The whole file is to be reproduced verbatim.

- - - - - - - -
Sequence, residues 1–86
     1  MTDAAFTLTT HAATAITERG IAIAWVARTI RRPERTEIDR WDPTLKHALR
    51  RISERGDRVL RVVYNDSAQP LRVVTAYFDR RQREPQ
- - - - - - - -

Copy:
Sequence, residues 1–86
     1  MTDAAFTLTT HAATAITERG IAIAWVARTI RRPERTEIDR WDPTLKHALR
    51  RISERGDRVL RVVYNDSAQP LRVVTAYFDR RQREPQ